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Thanks for the great advise. I would assume that the people you are talking about went through the process and filed for a patent.
No. Usually you will get a successful business running and then apply for a patent. A patent without a business is seldom useful. Patent Pending is what entrepreneurs use. The key is to be the first to apply. Anything subsequent will then have yours as prior art. It is always helpful to have a working prototype. Have you done a search yet to see if anything similar exists?
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Old 10-01-2018, 10:07 PM   #11
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Yes,
You need to be first to file for the patent. Anyone you show it to can file a patent on your idea. If you have already filed, then they canít get a patent on your idea.
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Old 10-02-2018, 12:13 PM   #12
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and you can amend the patent when you have more details as you progress with the product development.
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Old 10-02-2018, 01:22 PM   #13
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... It is a product that would consist of a small portion of fabric and some strapping/plastic buckles/clips. ...
@street, I would suggest taking it easy on this patent idea. Thoughts:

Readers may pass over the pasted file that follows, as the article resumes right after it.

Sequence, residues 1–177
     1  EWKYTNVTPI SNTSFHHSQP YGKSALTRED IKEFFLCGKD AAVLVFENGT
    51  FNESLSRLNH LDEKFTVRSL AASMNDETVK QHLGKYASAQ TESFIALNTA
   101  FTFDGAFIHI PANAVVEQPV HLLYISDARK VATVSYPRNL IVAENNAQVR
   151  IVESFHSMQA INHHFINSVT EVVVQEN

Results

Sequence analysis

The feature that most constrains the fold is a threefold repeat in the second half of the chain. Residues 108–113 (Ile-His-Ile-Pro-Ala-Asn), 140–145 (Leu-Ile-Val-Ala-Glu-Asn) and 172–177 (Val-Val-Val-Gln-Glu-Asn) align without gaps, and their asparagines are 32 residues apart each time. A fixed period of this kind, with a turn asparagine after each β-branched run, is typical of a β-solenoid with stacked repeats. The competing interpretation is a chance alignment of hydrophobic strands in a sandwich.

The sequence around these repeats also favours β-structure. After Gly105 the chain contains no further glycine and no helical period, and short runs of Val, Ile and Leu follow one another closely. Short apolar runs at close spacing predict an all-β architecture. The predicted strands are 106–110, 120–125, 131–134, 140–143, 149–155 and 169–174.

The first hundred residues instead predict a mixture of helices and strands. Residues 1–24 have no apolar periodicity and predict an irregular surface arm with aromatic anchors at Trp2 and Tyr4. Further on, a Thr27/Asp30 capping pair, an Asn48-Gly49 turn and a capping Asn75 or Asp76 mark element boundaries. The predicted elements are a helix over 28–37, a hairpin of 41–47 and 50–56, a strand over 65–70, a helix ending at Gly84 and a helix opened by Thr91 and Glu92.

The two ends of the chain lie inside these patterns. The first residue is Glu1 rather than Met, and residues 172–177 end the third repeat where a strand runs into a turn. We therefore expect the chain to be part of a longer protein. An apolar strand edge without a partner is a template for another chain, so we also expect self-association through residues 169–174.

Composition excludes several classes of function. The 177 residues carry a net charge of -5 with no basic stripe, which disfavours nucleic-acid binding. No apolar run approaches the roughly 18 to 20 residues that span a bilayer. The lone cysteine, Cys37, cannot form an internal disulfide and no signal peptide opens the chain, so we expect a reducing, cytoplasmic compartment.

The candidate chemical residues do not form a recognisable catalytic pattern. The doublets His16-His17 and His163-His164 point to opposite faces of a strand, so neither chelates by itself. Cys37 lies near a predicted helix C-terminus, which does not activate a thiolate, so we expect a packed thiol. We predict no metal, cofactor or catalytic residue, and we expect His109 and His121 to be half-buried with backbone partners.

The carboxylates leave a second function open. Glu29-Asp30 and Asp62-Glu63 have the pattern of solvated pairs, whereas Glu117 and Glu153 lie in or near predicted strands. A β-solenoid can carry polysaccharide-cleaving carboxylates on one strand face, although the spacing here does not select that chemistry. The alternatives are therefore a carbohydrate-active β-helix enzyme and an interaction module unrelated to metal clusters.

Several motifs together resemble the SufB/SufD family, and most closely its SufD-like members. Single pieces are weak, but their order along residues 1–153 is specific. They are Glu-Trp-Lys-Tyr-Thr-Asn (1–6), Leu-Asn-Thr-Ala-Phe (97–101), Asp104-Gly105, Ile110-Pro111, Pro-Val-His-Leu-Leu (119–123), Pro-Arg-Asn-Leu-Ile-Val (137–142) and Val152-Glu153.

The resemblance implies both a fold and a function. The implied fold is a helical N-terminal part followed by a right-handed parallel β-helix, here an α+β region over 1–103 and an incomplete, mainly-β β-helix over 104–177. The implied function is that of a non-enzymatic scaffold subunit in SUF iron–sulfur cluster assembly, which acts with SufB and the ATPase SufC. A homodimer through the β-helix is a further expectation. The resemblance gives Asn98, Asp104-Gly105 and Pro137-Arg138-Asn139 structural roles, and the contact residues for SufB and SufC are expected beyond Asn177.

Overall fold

1) Patents are expensive. If you can find an "inventors club" in your area or an internet search will find info on DIY patent applications, which are difficult and time-consuming. A number I saw at least 10 years ago was that to use a patent attorney is a $20K expense. The patents I hold were prepared and filed by Megacorp, so I don't know what they cost but they definitely were expensive.

2) A patent doesn't get you much, except the right to spend money pursuing someone you think is infringing. This is easily a 5-digit cost and can be driven up if your possible infringer has deep pockets and a serious interest in his product.

3) A product like you describe, if even patentable, is probably vulnerable to simple modifications to work around your patent claims.

4) There is a thing called a "design patent" which is easier to get, but it is a sort of look-and-feel patent, like Coke would get for its bottle shape. These are usually very easy to work around.
Your best defenses are being first to market and, ideally, being in a niche that does not attract competitors. Alternatively, being in a big market where you can share the pie might work.

I doubt, though, that the time and money you might spend pursuing a patent is the best use of that time and money. If I were you I'd probably invest it in marketing instead. YMMV, of course. Your SCORE mentor can help you with this decision.
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Old 10-05-2018, 07:22 PM   #14
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OP - you have a lot of research to do about starting a small business, learning about manufacturers willing to produce small quantity minimum orders, marketing, etc.

Chris Gillebeau's book "$100 start up" is a good place to start. Most libraries have it. But it's popular so you have to request it.
His Side Hustle book is also good. So is his Side Hustle School podcast. Each is only 8 minutes or so but lots of issues are covered.

SmartPassiveIncome.com is terrific. Pat Flynn mostly talks about writing books & blogs and doing videos. But his marketing info is sound. His podcast sometimes has terrific guests.

Gary Vaynerchuck (sp?) is king of social media marketing. His videos are odd: he looks strange and has a weird voice. But his books are spot on. Jab, Jab, Jab, Right Hook might be the best.

Good luck!